“What’s going to be fascinating is as Formula E continues, is to really look at which areas of development on the car are going to be the most relevant and ensuring that we can focus on those together with the manufacturers so we continue and use the series as a platform for technical development that can then feed back into the road car side of things as well.

“At the end of the day, that’s what motorsports always been, a very powerful tool for, and I see Formula E as no exception.”

James McLaren Formula E
Jake Hughes and Rene Rast were chosen for their ability to drive fast and execute the necessary strategy for energy management. – NEOM McLaren Racing Formula E Team

Selecting Rast and Hughes as McLaren’s Formula E drivers was not simply because they know how to drive fast. James believes both drivers have the mental aptitude to execute energy management strategies throughout the race and squeeze maximum performance.

“As with many other motorsports, you’ve got a certain amount of energy that you’re able to deploy during the race and the management of that energy is absolutely crucial,” James said. “What we’re seeing typically in electric motorsports now is the hardware side of things. The efficiencies that we’re seeing in the powertrain as a whole, they’re getting up to the sort of 96%, 97%, 98% efficiency, so the gains that you get through that further and further become more marginal.”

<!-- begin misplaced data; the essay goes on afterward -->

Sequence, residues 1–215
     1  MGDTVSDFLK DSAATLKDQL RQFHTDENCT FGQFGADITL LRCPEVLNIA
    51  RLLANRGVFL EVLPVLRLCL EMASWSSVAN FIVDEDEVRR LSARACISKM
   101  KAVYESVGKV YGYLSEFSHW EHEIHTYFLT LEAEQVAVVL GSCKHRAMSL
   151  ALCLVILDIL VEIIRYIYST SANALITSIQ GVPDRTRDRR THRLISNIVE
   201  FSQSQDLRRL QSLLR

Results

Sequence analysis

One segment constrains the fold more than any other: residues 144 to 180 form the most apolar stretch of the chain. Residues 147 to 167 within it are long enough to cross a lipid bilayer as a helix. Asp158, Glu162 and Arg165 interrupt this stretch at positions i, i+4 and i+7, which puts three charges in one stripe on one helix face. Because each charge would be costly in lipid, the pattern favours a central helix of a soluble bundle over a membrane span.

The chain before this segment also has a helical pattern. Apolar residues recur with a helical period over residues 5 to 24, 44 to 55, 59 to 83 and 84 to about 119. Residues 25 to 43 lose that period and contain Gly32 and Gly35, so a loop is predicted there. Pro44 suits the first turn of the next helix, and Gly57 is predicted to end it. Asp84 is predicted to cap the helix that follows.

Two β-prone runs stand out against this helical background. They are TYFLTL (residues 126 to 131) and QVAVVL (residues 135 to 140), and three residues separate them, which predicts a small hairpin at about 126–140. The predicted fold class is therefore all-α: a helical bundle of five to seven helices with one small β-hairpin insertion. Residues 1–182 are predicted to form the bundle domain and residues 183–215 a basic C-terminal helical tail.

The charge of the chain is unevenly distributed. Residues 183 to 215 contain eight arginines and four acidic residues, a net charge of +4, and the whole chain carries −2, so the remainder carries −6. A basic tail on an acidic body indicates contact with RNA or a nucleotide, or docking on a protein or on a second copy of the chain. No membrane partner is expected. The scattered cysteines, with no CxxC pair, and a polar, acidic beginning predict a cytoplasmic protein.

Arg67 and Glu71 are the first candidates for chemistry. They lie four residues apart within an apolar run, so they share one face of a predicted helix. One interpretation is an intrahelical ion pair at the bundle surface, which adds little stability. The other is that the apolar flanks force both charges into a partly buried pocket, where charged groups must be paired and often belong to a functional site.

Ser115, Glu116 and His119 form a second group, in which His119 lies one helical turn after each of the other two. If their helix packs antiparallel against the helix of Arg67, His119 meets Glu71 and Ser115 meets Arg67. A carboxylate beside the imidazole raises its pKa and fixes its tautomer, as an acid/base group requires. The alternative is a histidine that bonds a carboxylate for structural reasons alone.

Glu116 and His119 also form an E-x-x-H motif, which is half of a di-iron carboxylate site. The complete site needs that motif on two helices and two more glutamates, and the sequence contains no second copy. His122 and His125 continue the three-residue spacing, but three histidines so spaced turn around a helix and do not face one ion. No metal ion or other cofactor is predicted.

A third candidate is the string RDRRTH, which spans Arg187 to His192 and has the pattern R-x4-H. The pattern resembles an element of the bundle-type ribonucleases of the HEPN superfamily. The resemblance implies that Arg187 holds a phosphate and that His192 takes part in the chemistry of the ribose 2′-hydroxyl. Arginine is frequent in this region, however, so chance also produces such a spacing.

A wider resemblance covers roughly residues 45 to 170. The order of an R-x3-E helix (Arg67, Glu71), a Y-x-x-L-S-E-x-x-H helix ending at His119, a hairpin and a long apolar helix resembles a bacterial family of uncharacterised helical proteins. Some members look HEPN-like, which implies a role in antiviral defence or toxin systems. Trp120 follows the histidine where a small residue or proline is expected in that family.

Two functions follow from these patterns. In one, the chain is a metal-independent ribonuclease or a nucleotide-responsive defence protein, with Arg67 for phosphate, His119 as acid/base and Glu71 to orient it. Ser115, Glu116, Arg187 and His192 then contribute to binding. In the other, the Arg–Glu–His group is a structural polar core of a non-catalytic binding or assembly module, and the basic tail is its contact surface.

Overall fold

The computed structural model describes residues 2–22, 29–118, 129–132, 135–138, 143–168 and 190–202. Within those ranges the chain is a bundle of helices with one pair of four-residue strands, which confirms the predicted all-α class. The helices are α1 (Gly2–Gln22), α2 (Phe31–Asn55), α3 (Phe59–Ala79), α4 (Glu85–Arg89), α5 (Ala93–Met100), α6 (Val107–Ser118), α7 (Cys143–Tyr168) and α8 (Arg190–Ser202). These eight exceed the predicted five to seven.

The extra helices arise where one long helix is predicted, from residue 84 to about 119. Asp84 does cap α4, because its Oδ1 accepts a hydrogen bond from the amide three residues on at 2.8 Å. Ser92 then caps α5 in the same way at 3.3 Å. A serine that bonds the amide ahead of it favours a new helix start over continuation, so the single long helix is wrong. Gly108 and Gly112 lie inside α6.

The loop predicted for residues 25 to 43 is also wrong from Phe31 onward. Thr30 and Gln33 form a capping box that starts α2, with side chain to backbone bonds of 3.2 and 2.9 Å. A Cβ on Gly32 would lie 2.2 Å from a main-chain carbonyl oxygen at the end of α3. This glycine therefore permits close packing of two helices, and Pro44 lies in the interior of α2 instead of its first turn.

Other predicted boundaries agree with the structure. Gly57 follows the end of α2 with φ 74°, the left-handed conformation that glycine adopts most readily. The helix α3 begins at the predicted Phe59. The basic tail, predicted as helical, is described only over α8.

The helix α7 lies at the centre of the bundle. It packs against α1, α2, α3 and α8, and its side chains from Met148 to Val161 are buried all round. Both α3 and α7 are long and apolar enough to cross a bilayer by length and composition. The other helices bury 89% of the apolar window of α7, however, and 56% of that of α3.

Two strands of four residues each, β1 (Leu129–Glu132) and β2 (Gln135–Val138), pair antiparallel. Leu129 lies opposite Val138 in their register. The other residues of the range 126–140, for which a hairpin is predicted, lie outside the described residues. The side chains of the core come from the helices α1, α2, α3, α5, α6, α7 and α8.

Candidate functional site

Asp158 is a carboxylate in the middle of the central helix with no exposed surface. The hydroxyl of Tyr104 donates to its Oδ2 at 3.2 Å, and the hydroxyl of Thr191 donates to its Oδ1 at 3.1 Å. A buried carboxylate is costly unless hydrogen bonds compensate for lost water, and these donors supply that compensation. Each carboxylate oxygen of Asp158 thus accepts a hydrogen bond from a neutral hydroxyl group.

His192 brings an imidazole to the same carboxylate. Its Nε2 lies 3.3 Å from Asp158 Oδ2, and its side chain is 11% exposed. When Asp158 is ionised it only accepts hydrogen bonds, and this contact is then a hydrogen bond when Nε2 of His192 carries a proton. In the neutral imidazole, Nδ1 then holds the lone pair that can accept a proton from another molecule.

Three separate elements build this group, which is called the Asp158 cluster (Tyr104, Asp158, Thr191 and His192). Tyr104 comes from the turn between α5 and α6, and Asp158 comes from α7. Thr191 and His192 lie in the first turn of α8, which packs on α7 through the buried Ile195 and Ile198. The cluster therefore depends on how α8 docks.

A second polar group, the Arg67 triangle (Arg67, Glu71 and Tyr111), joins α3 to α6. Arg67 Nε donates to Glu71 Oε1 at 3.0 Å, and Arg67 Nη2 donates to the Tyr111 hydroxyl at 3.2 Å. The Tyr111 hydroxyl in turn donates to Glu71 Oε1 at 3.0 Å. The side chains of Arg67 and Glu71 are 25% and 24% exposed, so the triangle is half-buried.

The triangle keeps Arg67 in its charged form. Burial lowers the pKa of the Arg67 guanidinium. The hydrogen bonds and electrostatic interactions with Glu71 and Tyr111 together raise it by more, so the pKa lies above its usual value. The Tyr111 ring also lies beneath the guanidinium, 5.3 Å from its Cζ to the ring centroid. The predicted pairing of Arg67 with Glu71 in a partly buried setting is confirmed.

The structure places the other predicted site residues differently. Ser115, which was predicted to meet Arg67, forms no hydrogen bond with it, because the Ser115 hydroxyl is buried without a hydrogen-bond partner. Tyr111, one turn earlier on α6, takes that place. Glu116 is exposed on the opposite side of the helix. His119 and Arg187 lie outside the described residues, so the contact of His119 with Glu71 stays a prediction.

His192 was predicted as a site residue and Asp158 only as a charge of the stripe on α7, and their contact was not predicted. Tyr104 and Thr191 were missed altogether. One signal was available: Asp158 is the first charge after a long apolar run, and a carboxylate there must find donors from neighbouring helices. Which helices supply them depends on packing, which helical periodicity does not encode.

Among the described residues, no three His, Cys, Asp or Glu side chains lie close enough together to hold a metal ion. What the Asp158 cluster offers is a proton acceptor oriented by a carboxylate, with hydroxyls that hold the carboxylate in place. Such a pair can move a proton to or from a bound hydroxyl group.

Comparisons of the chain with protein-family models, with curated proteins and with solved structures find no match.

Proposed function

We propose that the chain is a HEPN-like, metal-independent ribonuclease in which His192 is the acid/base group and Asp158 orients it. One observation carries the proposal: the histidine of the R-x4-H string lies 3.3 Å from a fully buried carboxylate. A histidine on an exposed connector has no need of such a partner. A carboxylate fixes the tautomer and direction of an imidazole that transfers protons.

With much more room for improvement, software is a different matter. To make the best decisions, the drivers need data, and that is where James believes McLaren Formula E will make their greatest impact.

“And then you really switch that focus to the software and that’s where you’re going to see the most the most improvement and the most gains,” James continued. “It’s then using that software to ensure that you’re deploying the energy in the most efficient manner during race, and thereby giving the driver the most performance. And that’s something which is incredibly complicated, but I find it a fascinating area to work in.

“The benefit of being involved in racing is you can really push the envelope in a way that you can’t do on road cars. And I think that that’s where that value comes in. It means that you accelerate the development a lot quicker. We will get ahead of the curve – and we are getting ahead of the curve now – and that will mean that the electric motorsports remain part of the overall development process.

“The key to that is also making sure that the racing’s exciting and fun for the fans. If we can, we can tick both of those boxes, then it’s got a very bright future ahead of it.”